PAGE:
I finally made it back to the dojo last week. Claus was wearing his gi and it currently has a pink streak by the bowtie, and a pink blotch on the back. We didn't think anyone else was noticing or caring, since it's 80% men in the class. And then there was Denise. She immediately pointed it out and said, "He always comes to class with something pink on his pants."

I was surprised and amused. "You notice that?" I asked.

"He's famous for that. He always has pink on his pants," she chuckled.

I guess we better start sorting our colors.


When I was a housewife, I did most of the laundry. There are a few items I can machine wash cold, but line dry. Claus would never keep track of that. I'm supposed to throw my items in a special Diane-only basket if they need special care. I forgot.

I threw my black pants and one blouse into the family clothing basket. Claus did the wash. I noticed it just as he was about to throw it all in the dryer.

"Wait, can you hang up that shirt and black pants to air dry?" I asked.

After he did, I noticed a second pair of pants. "Oh, those pants too," I added.

He did. Then I saw a third pair. "What's that black thing? Can you lift it up? I might want that line dried too," I said.

Now he was getting tired of this. After he hung up the third pair of paints, he grabbed the basket and put it right up against the dryer opening and started shoveling the wet clothing in quickly, so I couldn't see what else might be in there to line dry.

"Is there anything else in there of mine?" I quizzed.

"Nope, nope. We're good. It's all done," he said while ushering me into the house.

I'm happy to say that there was nothing else in the basket, so nothing shrunk in the dryer.

How do you handle laundry at your house? What's the worst article of clothing you've had shrink in the dryer or bleed in the wash?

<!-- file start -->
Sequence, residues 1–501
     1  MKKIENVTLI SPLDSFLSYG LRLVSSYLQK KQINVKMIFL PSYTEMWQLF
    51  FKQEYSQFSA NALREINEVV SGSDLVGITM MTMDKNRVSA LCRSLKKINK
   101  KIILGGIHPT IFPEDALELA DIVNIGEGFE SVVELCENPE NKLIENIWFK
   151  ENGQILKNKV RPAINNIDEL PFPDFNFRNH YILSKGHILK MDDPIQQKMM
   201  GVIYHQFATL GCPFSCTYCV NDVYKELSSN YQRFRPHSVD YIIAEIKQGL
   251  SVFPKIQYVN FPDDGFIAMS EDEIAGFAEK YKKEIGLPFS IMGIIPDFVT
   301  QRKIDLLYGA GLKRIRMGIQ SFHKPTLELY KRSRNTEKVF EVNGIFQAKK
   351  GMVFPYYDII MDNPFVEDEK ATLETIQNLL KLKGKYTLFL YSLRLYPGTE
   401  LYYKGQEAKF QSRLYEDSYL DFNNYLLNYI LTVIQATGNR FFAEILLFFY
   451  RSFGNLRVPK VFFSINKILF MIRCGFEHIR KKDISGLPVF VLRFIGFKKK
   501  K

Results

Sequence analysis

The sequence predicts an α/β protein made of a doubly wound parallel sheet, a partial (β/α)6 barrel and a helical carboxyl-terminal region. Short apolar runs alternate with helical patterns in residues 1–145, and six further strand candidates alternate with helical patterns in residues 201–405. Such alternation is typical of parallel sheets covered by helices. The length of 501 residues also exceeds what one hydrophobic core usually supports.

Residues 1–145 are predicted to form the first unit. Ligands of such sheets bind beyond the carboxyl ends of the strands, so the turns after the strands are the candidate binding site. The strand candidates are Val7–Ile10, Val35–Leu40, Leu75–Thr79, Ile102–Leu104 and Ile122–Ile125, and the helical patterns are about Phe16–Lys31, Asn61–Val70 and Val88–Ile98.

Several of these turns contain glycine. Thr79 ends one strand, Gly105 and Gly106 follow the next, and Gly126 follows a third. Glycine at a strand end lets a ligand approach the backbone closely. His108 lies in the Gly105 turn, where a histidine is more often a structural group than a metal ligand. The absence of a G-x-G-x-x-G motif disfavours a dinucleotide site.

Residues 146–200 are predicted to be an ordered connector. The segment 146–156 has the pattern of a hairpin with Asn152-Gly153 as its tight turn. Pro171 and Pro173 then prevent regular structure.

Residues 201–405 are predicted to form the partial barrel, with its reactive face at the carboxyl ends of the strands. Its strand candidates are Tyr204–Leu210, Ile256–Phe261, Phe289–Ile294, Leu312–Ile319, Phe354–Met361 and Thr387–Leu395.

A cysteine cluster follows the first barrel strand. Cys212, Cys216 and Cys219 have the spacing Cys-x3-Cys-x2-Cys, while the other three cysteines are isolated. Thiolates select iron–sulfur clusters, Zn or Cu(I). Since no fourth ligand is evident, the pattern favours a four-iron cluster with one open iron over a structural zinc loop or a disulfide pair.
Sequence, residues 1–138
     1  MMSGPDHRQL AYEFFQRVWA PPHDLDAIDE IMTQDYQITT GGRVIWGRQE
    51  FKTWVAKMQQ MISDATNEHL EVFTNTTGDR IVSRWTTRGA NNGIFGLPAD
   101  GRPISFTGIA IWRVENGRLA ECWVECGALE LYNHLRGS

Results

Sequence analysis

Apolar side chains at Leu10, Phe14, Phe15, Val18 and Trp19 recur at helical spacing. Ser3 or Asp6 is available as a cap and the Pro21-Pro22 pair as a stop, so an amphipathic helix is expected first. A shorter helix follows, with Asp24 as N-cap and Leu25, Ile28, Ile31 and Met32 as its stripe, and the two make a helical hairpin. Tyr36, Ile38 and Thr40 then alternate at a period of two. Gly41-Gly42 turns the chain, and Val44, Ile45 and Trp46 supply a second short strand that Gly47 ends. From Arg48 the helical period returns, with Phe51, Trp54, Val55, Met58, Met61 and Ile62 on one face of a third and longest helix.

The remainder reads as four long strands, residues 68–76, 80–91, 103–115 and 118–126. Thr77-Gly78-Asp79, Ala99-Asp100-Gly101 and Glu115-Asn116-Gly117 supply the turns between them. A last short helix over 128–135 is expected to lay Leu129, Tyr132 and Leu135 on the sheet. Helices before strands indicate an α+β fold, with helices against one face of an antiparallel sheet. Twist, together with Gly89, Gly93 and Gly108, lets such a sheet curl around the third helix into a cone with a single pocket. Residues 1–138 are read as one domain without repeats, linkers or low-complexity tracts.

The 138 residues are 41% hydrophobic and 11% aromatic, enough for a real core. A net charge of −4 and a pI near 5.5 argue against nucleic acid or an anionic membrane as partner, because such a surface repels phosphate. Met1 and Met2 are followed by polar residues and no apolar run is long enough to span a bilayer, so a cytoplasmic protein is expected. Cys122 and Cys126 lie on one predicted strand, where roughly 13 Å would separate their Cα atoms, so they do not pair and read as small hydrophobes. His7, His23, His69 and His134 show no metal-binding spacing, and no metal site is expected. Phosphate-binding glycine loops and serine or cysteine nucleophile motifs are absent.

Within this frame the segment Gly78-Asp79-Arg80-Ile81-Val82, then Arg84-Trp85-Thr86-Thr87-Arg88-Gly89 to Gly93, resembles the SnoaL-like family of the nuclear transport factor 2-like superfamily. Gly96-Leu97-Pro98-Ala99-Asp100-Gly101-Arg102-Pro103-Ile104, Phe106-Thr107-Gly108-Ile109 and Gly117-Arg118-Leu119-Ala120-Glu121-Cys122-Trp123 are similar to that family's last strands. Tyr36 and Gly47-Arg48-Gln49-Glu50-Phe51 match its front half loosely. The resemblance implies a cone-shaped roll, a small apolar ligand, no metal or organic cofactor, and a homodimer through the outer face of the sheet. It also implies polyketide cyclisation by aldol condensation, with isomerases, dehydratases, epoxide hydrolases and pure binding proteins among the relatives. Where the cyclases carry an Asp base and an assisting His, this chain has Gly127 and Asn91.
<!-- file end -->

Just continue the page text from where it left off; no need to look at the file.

Also reach me via

Sleepy twins

October 25th, 2010

As Olivia matures, there are more and more things about her that I recognize as something she inherited from me or Claus. Somtimes it's a funny facial expression, sometimes it's what I believe is a character trait. (Stubborn could be something she got from Claus, or from just being three.) Lately, I have noticed how she hates getting up in the morning, and I am absolutely certain she gets that from me.

In the morning, we all rise at 6 a.m. because we all have to leave by 7 for work and school. Claus gets up first. He always does. He has no problem getting up in the morning to go exercise at 5 a.m. I don't understand it. Furthermore, he only needs six or seven hours of sleep. I envy that.

I have never liked to get up earlier than 8 a.m., and I have always needed about nine or ten hours of sleep. In times of stress, I have needed eleven hours. This isn't a complaint at all, but due to the mental taxation of a new job and a new working culture, my brain is completely spent at the end of every day. There is never a time at work that I can go on auto-pilot because it's all so new to me. I have been going to sleep at 8:30 p.m. (give or take a half hour) since I started this job seven weeks ago.

Well, both Olivia and I have been reluctant risers. So yes, even though we have been getting a lot of sleep, we still like more. In the morning, Claus wakes up and takes a shower. By virtue of his making noise and turning on the bathroom light, it's meant to be a gentle wake up. Of course, I never respond. I lie there in half-sleep and wait until he comes out, and turns on the overhead light. Then he walks into Olivia's room and does the same.